Thursday, 5 July 2012

ASP: how to use datediff


As I said in my last post, today we are going to explore a VBScript function called DateDiff. There's not much mystery behind it, in fact, as the name says, DateDiff calculates the difference between two dates. The resulting value can be in different format and, generally speaking, the function can be used in many situations.
let's see how it works.

The function syntax is a little bit more complicated than DateAdd.
The first three parameters are quite easy to understand.
As in DateAdd, the interval is a required parameter and it is used to calculate difference between date1, and date2. It can be:
  • yyyy - Year
  • q - Quarter
  • m - Month
  • y - Day of year
  • d - Day
  • w - Weekday
  • ww - Week of year
  • h - Hour
  • n - Minute
  • s - Second
As in DateAdd, the value must be put in quote.
date1 and date2 are two date expressions; the first represents from which date we want to start the calculation, and date2 is the end date.
After those three required parameters, we have two optional parameters: firstdayoftheweel and firstweekofyear.
firstdayoftheweek can be:
  • 0 = vbUseSystemDayOfWeek - Use National Language Support (NLS) API setting
  • 1 = vbSunday - Sunday (default)
  • 2 = vbMonday - Monday
  • 3 = vbTuesday - Tuesday
  • 4 = vbWednesday - Wednesday
  • 5 = vbThursday - Thursday
  • 6 = vbFriday - Friday
  • 7 = vbSaturday - Saturday
and specifies the day of the week
firstweekofyear can be:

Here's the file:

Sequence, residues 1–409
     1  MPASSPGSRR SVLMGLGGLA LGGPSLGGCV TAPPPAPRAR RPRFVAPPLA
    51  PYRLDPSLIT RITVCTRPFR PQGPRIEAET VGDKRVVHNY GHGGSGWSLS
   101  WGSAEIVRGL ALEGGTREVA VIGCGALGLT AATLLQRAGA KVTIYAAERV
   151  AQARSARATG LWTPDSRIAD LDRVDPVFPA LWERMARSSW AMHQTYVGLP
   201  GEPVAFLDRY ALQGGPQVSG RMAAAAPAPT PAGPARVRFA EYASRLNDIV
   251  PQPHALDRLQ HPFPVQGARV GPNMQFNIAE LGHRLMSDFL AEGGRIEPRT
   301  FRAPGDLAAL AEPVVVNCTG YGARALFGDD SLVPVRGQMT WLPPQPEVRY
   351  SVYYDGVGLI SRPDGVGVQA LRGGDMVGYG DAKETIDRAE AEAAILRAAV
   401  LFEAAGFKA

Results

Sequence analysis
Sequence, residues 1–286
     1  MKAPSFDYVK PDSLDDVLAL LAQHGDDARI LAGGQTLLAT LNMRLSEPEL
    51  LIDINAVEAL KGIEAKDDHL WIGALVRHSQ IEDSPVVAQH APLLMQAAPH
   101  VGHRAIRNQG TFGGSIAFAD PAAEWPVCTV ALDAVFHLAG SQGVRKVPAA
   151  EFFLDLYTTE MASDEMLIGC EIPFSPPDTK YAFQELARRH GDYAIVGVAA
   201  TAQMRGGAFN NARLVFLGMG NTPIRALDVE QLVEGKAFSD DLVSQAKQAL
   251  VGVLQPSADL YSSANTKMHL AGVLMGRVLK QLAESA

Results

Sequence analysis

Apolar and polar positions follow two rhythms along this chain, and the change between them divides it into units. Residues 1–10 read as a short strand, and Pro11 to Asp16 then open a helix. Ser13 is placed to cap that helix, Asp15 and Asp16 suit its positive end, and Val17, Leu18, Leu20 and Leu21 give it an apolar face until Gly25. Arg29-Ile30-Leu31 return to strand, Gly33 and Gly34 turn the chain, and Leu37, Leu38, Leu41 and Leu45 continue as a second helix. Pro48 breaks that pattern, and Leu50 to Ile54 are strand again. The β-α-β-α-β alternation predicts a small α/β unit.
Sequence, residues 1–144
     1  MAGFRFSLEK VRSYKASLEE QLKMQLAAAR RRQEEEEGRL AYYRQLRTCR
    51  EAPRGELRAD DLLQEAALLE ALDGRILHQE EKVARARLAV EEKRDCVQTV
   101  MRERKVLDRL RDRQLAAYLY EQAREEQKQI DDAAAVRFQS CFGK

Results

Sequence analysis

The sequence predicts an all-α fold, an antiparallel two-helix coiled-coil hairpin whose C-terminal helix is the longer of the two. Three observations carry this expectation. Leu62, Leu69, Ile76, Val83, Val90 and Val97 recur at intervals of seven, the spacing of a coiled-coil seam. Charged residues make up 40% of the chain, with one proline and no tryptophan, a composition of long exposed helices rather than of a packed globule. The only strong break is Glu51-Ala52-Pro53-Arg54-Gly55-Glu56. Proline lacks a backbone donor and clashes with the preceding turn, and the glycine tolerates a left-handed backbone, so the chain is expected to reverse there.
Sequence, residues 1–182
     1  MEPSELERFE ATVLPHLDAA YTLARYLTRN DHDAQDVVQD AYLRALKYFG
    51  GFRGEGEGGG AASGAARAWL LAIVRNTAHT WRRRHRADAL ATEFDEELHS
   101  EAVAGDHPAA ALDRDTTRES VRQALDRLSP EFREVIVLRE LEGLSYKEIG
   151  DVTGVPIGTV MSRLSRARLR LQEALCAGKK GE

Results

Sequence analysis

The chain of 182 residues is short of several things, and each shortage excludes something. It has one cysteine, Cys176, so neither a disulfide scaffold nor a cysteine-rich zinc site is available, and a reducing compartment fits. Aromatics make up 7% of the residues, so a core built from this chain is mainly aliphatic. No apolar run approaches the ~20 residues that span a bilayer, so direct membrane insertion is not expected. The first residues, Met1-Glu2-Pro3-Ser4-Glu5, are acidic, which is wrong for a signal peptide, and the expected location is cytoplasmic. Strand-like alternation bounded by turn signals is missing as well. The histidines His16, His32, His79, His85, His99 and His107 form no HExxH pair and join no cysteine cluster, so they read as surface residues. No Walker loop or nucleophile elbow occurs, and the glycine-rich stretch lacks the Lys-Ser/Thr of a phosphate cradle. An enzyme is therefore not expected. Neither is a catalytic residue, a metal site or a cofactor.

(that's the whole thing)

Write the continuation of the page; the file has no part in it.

• 0 = vbUseSystem - Use National Language Support (NLS) API setting
  • 1 = vbFirstJan1 - Start with the week in which January 1 occurs (default)
  • 2 = vbFirstFourDays - Start with the week that has at least four days in the new year
  • 3 = vbFirstFullWeek - Start with the first full week of the new year
and specifies the first week of the year.

We could make many examples for DateDiff, but if you start using it, the result will be clear enough. I'm saying that the following examples cannot replace experience. Just try to use the function, and you will immediately understand its logic.
Anyway... let's say we have two dates like: "5-Jul-2012" and "5-Jul-2011".
What's the difference in years between the two dates (I know you know!):
Dim startDate
Dim endDate
startDate = "5-Jul-2012 07:00:00"
endDate = "5-Jul-2012 07:00:00"
response.write (datediff("yyyy", startDate, endDate))
1, as you predicted!
response.write (datediff("m", startDate, endDate))
12 months.
That was easy.
Let's say you want to caluculate how many weeks there are between the two dates. In that case we can set the first day of the week:
response.write (datediff("w", startDate, endDate, vbMonday))
and that's it.
Oh... the result? Calculate it yourself...

That's all for today... Please leave a comment in the section below, if you wish...

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